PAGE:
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Before playing Trillectro, Washington D.C. rapper GoldLink talks Rick Rubin's advice, signing with RCA and growing up in Maryland.

Rick Rubin, the influential producer and mentor of Washington rapper GoldLink, has given his 23-year-old pupil plenty of advice. One piece stuck with him in particular.

"You focus on yourself, and you don't focus on anybody else," GoldLink said on the phone from D.C. last week.

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Coming from a storied figure like Rubin, a cliché like that probably sounds novel. Besides, it's working for GoldLink — born D'Anthony Carlos — as evidenced by the positive reaction to his latest project, October's "And After That, We Didn't Talk," and his recent signing to RCA Records.

On Saturday, he's one of the main draws of the rap-meets-electronic dance music festival Trillectro at Columbia's Merriweather Post Pavilion.

The stop in Howard County will feel something like a homecoming for GoldLink. He was born in D.C. and lives there now, and the rapper spent much of his time growing up in Landover, until he moved to Virginia at 16.

While artists from the region use "DMV" as a catchall for D.C., Maryland and Virginia, GoldLink can authentically claim all three as home. He said he receives plenty of love from the area because he's still popping up in the same places, carrying himself the same way he did before any labels showed interest.

Experimental rapper Kid Cudi and party-starting hip-hop duo Rae Sremmurd will headline the fifth Trillectro Music Festival on Aug. 27 at Columbia's Merriweather

"I'll be at a dirty house party or walking around the mall, just random things I still take pride in and I still think are important for mental purposes," GoldLink said. "It works out in my favor because people are like, 'Oh man, you're really down to earth.'"

His demeanor may be grounded, but his eclectic style of rap floats through speakers with skittering drum patterns and atmospheric synthesizer chords, along with touches of bachata, house and more. He calls the hard-to-classify sound "future bounce," and GoldLink owes much of it to his upbringing.

"You can hear Baltimore club music, you can hear go-go music," he said. "You can hear ['80s Washington band] Trouble Funk and newer bands like TCB. Everything from me comes from here, just in my interpretation."

GoldLink first caught the Internet's attention in 2014, when he self-released his well-received debut mixtape, "The God Complex." The following year, he began to hit the studio with Rubin and made XXL's often-discussed "Freshman" cover — the hip-hop magazine's annual issue that attempts to identify the genre's next stars.

GoldLink greatly values Rubin's involvement in his career, but said the cover — while helpful — doesn't hold the same weight as it once did. Now, listeners use the Internet rather than print magazines and TV shows to introduce them to new acts, he said.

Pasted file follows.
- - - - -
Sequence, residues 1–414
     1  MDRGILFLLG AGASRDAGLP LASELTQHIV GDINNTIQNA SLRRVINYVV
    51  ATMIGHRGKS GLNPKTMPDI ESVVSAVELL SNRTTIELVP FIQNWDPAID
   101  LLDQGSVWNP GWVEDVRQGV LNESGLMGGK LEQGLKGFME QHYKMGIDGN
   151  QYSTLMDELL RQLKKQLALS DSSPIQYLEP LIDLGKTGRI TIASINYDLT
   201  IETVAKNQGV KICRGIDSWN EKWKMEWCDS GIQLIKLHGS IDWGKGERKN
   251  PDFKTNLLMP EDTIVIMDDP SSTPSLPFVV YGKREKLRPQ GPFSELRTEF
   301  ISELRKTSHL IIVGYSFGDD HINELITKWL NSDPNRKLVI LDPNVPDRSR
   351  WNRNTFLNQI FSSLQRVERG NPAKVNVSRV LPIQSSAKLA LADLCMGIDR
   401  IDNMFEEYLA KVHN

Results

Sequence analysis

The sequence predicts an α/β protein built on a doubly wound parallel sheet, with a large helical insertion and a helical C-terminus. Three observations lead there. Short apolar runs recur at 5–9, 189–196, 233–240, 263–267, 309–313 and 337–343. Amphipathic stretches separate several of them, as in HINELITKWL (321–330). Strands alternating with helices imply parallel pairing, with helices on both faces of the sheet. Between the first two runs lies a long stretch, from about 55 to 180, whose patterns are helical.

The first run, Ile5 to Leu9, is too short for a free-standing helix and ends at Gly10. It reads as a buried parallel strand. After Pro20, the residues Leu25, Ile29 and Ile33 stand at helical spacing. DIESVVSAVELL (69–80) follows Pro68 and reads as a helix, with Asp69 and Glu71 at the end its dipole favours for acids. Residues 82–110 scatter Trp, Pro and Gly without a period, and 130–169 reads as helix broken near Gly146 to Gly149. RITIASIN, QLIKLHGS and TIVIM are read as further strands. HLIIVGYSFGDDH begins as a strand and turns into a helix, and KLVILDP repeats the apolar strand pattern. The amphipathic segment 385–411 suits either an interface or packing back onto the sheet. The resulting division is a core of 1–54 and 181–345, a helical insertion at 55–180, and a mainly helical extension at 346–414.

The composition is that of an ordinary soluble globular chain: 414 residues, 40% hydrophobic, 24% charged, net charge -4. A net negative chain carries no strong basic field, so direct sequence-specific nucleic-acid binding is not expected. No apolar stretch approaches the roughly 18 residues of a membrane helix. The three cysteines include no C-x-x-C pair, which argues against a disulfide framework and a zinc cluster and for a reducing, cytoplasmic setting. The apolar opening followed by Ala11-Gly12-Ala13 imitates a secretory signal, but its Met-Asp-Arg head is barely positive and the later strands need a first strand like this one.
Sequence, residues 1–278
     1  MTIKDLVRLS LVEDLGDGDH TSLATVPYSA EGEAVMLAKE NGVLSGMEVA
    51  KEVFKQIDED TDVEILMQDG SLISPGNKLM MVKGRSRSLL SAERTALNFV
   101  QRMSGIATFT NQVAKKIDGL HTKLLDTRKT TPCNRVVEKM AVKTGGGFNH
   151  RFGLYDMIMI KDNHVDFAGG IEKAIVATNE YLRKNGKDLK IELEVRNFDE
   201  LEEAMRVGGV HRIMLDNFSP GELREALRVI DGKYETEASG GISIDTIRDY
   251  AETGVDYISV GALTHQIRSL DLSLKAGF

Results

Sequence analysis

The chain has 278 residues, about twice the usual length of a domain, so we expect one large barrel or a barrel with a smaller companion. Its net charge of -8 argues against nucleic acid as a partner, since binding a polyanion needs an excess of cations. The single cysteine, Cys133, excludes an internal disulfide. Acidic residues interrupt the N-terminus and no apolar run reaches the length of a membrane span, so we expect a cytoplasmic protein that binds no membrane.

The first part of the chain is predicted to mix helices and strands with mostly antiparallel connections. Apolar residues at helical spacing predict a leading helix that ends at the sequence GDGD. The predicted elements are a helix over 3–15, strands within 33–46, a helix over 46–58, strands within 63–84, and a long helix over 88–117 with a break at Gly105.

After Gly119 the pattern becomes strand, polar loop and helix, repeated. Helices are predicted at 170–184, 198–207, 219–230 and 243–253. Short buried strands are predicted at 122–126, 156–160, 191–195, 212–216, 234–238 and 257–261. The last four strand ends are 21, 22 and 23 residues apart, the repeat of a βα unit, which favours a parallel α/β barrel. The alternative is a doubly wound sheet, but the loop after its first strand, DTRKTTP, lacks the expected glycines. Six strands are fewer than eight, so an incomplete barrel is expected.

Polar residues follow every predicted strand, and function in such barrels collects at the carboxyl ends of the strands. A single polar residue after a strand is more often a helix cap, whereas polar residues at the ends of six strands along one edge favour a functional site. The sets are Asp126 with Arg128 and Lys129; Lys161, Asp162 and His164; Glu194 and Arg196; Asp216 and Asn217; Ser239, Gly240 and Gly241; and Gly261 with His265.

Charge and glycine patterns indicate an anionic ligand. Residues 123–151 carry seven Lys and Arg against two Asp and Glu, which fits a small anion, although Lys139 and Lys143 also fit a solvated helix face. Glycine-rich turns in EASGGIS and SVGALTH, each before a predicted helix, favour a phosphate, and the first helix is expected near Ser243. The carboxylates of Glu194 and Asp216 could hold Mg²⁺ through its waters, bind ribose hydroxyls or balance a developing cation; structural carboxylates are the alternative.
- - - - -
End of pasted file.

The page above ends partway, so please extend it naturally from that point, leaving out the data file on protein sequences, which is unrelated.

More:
"I don't think it means a damn thing anymore," he said. "The only thing I think is personally good about the cover is looking back five, 10 years from now and seeing how much has changed. That's the best part about it — seeing the outcome."

In October, GoldLink released his second project, "And After That, We Didn't Talk." Much of the press around the release described it as a concept album about a failed relationship, but GoldLink sounds upbeat discussing it now.

"The only thing I was trying to accomplish was just tell some girl that I liked her," he said.

Well, did it work?

"It worked very well," GoldLink said, laughing. "Worked exactly how I wanted it to."

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The exchange encapsulates GoldLink — he's honest, but self-aware and guarded, too. He's been purposefully enigmatic to this point, but with his RCA deal, that's about to change.

"I'm a private person," he said. "At the end of the day this is my job — it's not my life. At the same time, I want to open up more now that I have the resources to say what I actually want to say."

His debut album for RCA will arrive sometime next year, and GoldLink said he mapped out the entire project when he first started rapping. He's keeping the details to himself, but said it will be a major step forward from the two previous releases.

"I never decided to talk about what I wanted to talk about until I positioned myself to where I am now," GoldLink said. "So when I say it, it'll make 100 percent sense now. I'm positioned to make it a powerful statement."

When asked if he's going to tell his life's story, GoldLink replied, "The best thing to say is 'our' story, and I'm going to leave it there."

Details will eventually reveal themselves, but one thing is certain: GoldLink said he needed to sign to a major label to execute this vision.

"Understanding how the business works, it was a career move," he said. "It was a necessary next step for what we're trying to build."

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